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Maxtor hard drive teardown
ntI’ve always wanted to open and hard drive and take a good look at the insides. So when this old spare hard drive came along I decided to satisfy my curiosity by making a gallery for our Cracking Open series.
ntThe sacrificial lamb in this case is a Maxtor 10GB drive circa 1998.
Underneath the circuit board
Underneath the circit board is some padding and two sets of contacts. Interestingly, there are no plugs.
I’m not sure why there was tape on this side. Revoving the one piece of tape reveals the underside of the plate chamber. The drive, if it worked before, does not work now for sure.
A side angle look at the armature. There is not much room for error.
There are two magnets in the armature drive housing. The magnets are surprisingly powerful. I thought magnets were a no-no when it comes to hard drives, but I guess the problem is really random magnets.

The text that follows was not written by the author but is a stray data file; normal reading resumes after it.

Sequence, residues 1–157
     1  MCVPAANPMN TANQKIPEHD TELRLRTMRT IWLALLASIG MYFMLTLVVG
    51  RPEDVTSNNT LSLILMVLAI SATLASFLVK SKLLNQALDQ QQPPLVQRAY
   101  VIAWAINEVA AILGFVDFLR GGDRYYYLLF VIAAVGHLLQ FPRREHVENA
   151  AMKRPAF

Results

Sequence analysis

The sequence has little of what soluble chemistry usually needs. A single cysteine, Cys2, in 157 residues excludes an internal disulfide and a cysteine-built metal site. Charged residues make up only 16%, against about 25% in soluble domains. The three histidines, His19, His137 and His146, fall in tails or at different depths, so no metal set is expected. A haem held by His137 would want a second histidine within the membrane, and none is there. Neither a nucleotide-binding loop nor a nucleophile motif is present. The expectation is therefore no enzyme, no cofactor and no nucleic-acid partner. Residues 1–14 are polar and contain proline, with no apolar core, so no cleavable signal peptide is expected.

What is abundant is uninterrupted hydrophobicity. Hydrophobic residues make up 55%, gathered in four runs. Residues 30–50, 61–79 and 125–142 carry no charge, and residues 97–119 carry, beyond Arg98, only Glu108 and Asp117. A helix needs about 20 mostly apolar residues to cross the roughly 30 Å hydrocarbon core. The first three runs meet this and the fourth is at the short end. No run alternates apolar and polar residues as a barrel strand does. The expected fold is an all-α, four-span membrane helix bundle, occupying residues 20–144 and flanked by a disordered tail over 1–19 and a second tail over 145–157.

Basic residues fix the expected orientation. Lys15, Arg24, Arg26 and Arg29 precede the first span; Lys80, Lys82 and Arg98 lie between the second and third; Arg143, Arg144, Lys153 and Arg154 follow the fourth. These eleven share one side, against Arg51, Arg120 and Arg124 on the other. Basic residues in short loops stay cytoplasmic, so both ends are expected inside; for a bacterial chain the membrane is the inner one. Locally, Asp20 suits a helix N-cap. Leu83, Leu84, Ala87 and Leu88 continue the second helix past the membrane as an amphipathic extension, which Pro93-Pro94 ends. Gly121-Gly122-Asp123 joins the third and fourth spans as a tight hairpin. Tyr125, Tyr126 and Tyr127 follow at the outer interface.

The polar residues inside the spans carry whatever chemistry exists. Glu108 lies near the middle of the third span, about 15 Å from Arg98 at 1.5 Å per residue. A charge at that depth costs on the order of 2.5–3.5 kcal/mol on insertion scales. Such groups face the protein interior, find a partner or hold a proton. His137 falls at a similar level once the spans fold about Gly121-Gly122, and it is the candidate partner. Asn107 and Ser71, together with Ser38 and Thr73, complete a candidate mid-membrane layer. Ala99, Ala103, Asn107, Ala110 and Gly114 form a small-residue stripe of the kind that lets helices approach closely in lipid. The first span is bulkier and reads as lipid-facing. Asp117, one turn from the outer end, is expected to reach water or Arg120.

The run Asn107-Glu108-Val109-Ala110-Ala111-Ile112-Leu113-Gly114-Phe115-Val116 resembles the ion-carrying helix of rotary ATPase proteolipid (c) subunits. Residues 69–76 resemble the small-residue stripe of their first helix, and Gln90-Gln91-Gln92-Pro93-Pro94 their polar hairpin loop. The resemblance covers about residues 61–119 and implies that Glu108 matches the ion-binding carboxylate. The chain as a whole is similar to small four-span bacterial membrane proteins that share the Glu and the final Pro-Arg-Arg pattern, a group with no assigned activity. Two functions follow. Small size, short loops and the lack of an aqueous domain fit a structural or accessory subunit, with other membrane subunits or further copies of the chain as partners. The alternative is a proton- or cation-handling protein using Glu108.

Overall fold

This circuitry controls the movement and tells the read/write heads what to do.
It takes a great deal of strength to separate this housing when they are together — much more strength then I would have thought was necessary. I passed it around the office and watched my colleagues sttruggle to separate them — it surprised all of us.
The gasket around the top of the drive is tacky. It must make a solid seal.
The memory plates slide onto a central hub separated by the metal rings. The entire setup is seemingly very simple.
I see me
The plates make excellent mirrors.
There is a gash on this plate. I don’t know if it was there when I started this project, but if it was, the drive was dead.
Not much to the shell.
Here is a closer look at the read/write heads. As you can see they are very delicate. The mere act of removing the armature mangled the ends.